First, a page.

Greg Sankey made numerous eye-opening comments regarding conference expansion in the SEC prior to a speech before the Jacksonville Sports Council August 20th. I was a member of the media group questioning him.
“My focus has not been on expansion,” Sankey said. “It’s about transition right now and the conversation is about, ‘how do we meet the expectations upon us in such a great way that people continue to want to be affiliates with the SEC?’ I think excellence is attractive but expansion is not a front burner issue for us at the present time.”
No surprise there.
I thought it was revealing that Sankey described conference expansion as “not a front burner issue for us at the present time.” Perhaps I’m reading more into that quote than belongs there, but to me, that means the issue is still on the stove and will be picked up at a future time. However you read or hear the comment – and I was two feet from him when he said it – it’s clear the issue is not dead and buried.
Sankey could have easily “guffawed,” thrown up his hands, admonished the handful of media assembled for making an issue out of nothing and said it was a matter the league was not even considering or some other such definitive language. He didn’t go there which I find telling.
More revealing, however, was what he said when I followed up the initial expansion question with one of my own.
“What is your general philosophy as it relates to expansion for the SEC,” I asked.
I was rewarded with a better answer than I expected.
“Acknowledge it’s not a front burner issue,” Sankey said. “We added two great universities in Texas A&M and Missouri, both members of the American Association of Universities. Great athletics traditions. Contiguous states. There’s probably some information in there that’s useful.”
A coy response that speaks volumes.
“There’s probably some information in there that’s useful.”
That’s the key sentence. He’s not just whistling Dixie, he’s foreshadowing.
Greg Sankey identified the criteria for the SEC’s next expansion targets if and when that occurs.
- AAU membership. I’ve written all along that academics play a larger role in these decisions than fans or media recognize. Sankey mentioned academics first in his comments. How much more clearly can he make the importance of that factor?
- Great athletic traditions.
- Contiguous states. This encourages me to believe what most commentators have long speculated and that is any further SEC expansion will not come from schools inside the league’s existing footprint.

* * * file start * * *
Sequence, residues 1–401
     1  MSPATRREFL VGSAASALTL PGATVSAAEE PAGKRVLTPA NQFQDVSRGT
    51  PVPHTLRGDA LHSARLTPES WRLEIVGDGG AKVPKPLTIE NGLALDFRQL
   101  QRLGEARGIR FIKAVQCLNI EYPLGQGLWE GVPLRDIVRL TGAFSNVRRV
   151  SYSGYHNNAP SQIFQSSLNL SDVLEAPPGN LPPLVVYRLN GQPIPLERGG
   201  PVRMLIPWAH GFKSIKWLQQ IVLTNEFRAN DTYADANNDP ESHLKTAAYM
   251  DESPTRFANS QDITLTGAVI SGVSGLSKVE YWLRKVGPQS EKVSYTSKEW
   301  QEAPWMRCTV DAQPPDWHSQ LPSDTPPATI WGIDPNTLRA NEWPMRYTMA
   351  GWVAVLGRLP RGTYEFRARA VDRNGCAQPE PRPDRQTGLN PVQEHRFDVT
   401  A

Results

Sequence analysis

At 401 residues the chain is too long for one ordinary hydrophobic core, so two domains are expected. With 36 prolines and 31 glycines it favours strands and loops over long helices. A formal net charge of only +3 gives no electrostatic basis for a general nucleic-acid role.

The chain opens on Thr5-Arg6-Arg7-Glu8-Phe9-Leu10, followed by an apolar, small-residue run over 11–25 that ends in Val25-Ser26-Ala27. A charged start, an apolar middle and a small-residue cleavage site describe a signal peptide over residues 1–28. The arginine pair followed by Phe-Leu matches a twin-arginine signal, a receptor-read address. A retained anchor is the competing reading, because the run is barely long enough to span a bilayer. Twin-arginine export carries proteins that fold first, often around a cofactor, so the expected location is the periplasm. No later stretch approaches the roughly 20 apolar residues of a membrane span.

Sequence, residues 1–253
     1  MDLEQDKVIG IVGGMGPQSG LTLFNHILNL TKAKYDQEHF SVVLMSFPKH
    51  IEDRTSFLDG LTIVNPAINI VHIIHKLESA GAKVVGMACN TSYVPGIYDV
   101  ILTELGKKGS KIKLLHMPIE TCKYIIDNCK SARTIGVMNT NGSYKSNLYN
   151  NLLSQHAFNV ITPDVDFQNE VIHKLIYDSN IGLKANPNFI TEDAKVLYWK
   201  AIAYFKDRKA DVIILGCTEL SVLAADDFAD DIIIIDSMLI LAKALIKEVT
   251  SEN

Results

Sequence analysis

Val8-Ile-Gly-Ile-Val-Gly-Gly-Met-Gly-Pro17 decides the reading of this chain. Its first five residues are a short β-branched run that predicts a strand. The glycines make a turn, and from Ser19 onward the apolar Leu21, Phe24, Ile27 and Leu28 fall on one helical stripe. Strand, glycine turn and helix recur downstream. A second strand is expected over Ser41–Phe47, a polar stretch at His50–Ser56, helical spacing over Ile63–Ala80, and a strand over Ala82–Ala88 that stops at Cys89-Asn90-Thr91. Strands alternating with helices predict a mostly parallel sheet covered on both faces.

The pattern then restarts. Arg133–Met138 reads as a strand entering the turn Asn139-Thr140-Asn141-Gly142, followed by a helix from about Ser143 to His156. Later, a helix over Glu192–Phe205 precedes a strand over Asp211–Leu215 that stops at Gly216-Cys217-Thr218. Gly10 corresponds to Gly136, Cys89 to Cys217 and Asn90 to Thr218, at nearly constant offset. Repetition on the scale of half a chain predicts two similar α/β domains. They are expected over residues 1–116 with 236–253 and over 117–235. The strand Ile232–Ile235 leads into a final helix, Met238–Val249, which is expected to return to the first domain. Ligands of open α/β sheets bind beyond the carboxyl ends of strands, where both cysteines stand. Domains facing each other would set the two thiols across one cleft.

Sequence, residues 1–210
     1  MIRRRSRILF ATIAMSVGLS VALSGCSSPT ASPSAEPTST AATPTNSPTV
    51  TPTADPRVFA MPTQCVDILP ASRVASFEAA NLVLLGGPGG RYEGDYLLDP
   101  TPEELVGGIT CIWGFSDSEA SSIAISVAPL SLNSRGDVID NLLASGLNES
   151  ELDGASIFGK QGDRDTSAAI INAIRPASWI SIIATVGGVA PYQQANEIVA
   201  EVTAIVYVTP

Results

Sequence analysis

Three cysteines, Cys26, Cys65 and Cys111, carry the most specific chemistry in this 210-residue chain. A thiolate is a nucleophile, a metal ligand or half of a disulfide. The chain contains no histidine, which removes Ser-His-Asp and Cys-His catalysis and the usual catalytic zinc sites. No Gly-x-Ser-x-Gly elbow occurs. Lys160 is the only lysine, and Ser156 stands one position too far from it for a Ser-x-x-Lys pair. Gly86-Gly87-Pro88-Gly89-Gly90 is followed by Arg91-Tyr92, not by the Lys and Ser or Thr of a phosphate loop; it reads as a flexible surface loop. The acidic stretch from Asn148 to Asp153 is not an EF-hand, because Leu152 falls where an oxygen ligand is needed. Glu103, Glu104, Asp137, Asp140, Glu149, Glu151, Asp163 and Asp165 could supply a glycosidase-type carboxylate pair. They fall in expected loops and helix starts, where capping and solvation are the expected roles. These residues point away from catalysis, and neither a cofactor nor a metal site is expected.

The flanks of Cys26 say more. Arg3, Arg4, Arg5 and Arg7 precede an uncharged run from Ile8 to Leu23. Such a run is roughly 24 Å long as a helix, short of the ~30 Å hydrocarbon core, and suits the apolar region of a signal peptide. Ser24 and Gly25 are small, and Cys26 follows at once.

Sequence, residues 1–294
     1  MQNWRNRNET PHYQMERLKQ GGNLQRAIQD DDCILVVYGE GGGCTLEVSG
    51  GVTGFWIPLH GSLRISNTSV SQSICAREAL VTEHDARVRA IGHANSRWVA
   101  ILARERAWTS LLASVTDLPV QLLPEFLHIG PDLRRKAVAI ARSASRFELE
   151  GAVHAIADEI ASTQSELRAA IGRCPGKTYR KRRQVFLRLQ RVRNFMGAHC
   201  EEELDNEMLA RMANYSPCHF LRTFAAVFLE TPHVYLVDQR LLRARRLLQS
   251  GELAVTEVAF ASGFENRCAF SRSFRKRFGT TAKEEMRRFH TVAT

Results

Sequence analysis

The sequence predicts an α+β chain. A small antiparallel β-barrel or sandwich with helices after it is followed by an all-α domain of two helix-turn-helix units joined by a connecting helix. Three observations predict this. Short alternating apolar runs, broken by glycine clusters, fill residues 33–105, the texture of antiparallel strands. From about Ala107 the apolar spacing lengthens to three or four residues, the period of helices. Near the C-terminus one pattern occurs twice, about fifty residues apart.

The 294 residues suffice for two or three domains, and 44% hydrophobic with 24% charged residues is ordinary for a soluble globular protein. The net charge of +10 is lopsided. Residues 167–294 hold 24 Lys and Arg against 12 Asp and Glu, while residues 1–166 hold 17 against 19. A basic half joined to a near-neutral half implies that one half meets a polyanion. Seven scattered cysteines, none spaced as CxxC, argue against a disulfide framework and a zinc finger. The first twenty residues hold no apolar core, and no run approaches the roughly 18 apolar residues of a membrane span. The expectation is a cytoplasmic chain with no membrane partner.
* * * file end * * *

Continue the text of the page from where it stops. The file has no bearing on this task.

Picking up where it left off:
Find me an AAU school with a great athletic tradition contiguous to the existing SEC and I’ll find you a likely candidate for expansion.
Don’t worry, I did the legwork:
- Ohio State
- North Carolina
Let’s be reasonable and take the Big 10 schools off the list as they have no reason to seek another conference affiliation.
That leaves you with Duke, North Carolina and Virginia from the ACC and Kansas from the Big 12.
Duke, UNC and UVA, particularly the Tar Heels, have long been prominently discussed as potential SEC targets. Remember, merely being targeted by the SEC doesn’t mean these schools would be interested in joining. This is not a hostile takeover; it’s an invitation. I continue to have a hard time imagining a world where the University of North Carolina – or Duke or Virginia – would cheerfully leave the ACC and break those bonds simply because it received a richer financial offer.
At no point has Kansas ever been a prominent public talking point among these conversations. The Jayhawks should be from this point forward.
It is also important to remember that the Big 12 and ACC both have long-term “grant of media rights” agreements with their current membership. These contracts tie a schools media rights – the ability to broadcast a school’s sporting events – to the conference. Until these grant of rights expire, 2024-2025 for the Big 12 and 2025-2026 for the ACC, I don’t expect to see a Power 5 conference school leave one conference for another.
Greg Sankey’s predecessor Mike Slive added Texas A&M and Missouri to the conference. Slive’s predecessor Roy Krammer welcomed Arkansas and South Carolina to the league. If history serves as a guide, Sankey will have his chance to augment SEC membership and his comments from August, 20th 2015 provide great insight into who he’ll be looking at.
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